"There are about 1,700 claims with EQC for defective assessment/repair.  Many of these (and others still to come in) might relate to rubble foundations.  It is possible may will go ‘over-cap’ and be transferred to the insurer.  IAG could get up to 50% of these claims.  Most will not even get to IAG before 30 June." Please note, the text in italics was provided to EQCfix, it has not been validated, is not our opinion, so any factual errors are therefore not our responsibility.

Ministerial Advisor  Report

At 1:00pm 6th June 2016 the Report of the Independent Ministerial Advisor to the Minister Responsible for the Earthquake Commission was released

Read the report and other documents here

Earthquake Commission Amendment Bill

This bill amends the Earthquake Commission Act 1993. Submissions are now being accepted.

Submission deadline: 31 May 2018


EQC Minister: Houses not properly assessed could cost millions

EQC 'on-sold' liability could cost as much as $1 billion. EQC boss knew of repair problems for a year. According to RNZ Morning Report, the Former Christchurch earthquake recovery minister Gerry Brownlee said this is a crisis being manufactured.

Homeowners are left with no option - sue IAG before 30 June

our last meeting for 2017. EQCfix covered three critical topics. 

demystify land claims

  • Buying or selling? Understand assignment of claims.

  • Worried you’ve been underscoped / under assessed by EQC?

  • Was your claim discharged by Southern Response?

Thank you to all those who attended our last public meeting for 2017.

See presentation from Grant Shand on Southern Response and the Concealed DRA’s

Event speaker list and details here

Message from the Hon Dr Megan Woods


EQC obligations under the EQC Act

A timely reminder for Kaikoura claimants to read the Joint Statement agreed to by EQC 28 April 2016. Know your rights. Also check out this guide to the Claims Process.

Urgent Attention: Limitation Act

urgent action required by IAG customers

In respect of "on-sold" properties IAG will not confirm that it has agreed to defer the LP defence to 30 June 2018.  It appears that IAG is going to claim that re. "on-sold" properties it can rely on the LP defence from 4/9/17.

November 2016 Earthquake

Serious questions for EQC and your insurer

Many questions from claimants and experts have been raised about how EQC and insurers are dealing with assessments and the claims process following the November 2016 earthquake. Consider if these questions are important to your claim.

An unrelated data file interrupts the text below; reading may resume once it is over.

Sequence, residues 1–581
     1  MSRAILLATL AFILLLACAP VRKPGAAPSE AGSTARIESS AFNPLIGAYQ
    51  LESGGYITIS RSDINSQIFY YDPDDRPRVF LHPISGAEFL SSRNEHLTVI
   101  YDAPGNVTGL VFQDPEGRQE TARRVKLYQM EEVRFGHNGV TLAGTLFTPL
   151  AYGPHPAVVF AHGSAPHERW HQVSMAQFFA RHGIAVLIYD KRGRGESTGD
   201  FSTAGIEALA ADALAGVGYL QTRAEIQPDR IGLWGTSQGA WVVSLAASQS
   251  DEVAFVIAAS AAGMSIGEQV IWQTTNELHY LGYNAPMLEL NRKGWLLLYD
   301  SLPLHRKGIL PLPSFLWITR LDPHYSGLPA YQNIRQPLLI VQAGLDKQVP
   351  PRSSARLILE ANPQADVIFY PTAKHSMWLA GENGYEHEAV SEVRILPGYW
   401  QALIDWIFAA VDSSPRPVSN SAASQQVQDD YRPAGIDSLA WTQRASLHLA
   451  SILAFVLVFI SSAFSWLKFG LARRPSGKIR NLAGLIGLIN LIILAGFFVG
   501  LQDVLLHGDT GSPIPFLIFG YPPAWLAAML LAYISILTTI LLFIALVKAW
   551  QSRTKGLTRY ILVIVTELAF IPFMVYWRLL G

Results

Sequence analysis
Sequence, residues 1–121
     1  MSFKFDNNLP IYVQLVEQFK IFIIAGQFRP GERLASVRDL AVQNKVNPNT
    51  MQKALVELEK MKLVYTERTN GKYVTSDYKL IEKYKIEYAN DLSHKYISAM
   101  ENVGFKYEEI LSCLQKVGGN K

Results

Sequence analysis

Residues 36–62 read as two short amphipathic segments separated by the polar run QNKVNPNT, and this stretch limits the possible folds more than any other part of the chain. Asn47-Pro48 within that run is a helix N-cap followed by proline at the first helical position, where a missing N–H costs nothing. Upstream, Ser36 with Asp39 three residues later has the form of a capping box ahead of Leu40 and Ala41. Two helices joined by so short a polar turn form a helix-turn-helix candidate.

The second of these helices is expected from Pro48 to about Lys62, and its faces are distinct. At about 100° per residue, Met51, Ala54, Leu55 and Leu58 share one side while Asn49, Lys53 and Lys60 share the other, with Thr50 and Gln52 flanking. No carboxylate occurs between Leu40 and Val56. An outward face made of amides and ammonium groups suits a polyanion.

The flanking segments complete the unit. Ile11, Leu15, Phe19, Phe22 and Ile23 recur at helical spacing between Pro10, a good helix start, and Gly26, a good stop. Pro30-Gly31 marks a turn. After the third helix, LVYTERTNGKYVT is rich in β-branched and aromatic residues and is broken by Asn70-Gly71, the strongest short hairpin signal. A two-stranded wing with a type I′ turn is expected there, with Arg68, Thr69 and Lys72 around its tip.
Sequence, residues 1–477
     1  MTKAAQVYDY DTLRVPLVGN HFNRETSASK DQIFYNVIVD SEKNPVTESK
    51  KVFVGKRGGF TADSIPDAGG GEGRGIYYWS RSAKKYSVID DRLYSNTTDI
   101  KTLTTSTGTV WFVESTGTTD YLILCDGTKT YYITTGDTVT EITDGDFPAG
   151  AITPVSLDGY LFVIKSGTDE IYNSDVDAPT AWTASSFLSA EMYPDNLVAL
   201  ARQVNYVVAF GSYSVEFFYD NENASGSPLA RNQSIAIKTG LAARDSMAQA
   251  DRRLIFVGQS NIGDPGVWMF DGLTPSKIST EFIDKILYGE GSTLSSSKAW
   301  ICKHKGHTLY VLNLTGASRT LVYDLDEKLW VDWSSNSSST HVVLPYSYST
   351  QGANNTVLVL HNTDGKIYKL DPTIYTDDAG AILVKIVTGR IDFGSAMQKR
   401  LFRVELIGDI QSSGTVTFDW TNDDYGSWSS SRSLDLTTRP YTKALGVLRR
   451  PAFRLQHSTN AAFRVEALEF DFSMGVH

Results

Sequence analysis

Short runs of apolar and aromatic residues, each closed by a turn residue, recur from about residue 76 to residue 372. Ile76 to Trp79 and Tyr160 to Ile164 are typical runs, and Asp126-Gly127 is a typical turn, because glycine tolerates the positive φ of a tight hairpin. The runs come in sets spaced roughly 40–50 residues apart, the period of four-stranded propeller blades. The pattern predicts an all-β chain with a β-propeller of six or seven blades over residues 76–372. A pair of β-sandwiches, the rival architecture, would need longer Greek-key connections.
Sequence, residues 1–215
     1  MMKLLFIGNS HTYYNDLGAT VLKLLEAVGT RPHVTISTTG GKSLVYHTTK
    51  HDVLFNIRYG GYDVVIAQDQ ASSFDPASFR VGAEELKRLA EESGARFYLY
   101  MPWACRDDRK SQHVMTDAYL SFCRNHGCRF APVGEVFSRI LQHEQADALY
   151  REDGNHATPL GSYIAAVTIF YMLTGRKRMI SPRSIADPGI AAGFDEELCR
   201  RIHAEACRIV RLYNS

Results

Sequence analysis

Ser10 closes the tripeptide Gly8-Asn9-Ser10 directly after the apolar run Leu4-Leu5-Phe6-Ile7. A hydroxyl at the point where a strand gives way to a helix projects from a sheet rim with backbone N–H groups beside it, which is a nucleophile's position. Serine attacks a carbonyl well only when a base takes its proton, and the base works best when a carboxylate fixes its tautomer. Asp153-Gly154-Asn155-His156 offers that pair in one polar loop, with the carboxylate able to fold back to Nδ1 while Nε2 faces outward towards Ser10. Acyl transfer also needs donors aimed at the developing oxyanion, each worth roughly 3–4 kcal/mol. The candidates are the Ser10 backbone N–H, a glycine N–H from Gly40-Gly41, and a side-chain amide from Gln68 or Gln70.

While we do not necessarily accept that the limitation period for Canterbury claims will expire on 4 September 2017, we are concerned that some insurers may consider that it does expire then, and that they may rely on it as a defence to any claim you may be required to bring. 

We have just added several templates for claimants to request an extension from their insurer to the limitation period imposed under the Limitation Act 1950 and/or Limitation Act 2010. This is very important for any homeowner with a claim. You should take action now

Other template available include: 

Expert legal opinions

Q&A from legal experts

EQC Fix has just added expert legal opinions on the burning questions many of you will have around your insurance claims.

Joint declaratory statement with EQC

EQC Group Action Settlement

A group of 98 Canterbury homeowners has won a landmark settlement with the Earthquake Commission (EQC) following a bid for a joint declaratory statement. The joint statement is relevant to anyone with settled or unsettled properties with EQC dwelling claims. But what does it all really mean for you?

A packed public meeting was held at the Transitional Cathedral, 12 May 2016, with the aim to inform home owners of the joint statement/agreement reached and its implications for them and their property. Radio New Zealand Checkpoint - John Campbell previews the public meeting - Listen to the interview

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I think the Government needs to learn from the $1.5b of taxpayers’ money that it has had to pay to bailout that last board of directors of AMI Insurance, and it needs to supervise the insurance sector far more carefully and rigorously than it has, otherwise we’re doomed to repeat the same thing again.
— Cam Preston, August 2019, on the announced closure of Southern Response
Everyone else will be able to point to it and say ‘well EQC, you’ve now agreed to the group that this is the standard you’ve got to meet and you haven’t done that at my place. Please explain, please do it properly or please pay me more’.
— Peter Woods, Anthony Harper
Given that consideration of repairs to foundations quickly pushes most properties over-cap, insurance companies may find themselves facing a surge of new claims, possibly equal in number to what they have dealt with so far.
— Dr Michael Naylor, a senior lecturer in finance and insurance at Massey University
Astoundingly, EQC is clinging to the position that it has always dealt with home repairs on a ‘when new’ basis, despite its making repeated public statements and telling homeowners that its job was to fix damage to a pre-quake level.
— Editorial, The Press, Fairfax Media
Because EQC has chosen to refuse to admit it was wrong, it has decided to phrase the agreement as merely reaffirming what it is already doing.

This means that the concession is unlimited, as all prior claimants can ask for a review. This expands its liability hugely.
— Dr Michael Naylor, a senior lecturer in finance and insurance at Massey University
In our view, the ruling has significance. The EQC’s catalogue of mismanagement, miscommunication and missed opportunities for redemption continues to grow.
— Editorial, The Press, Fairfax Media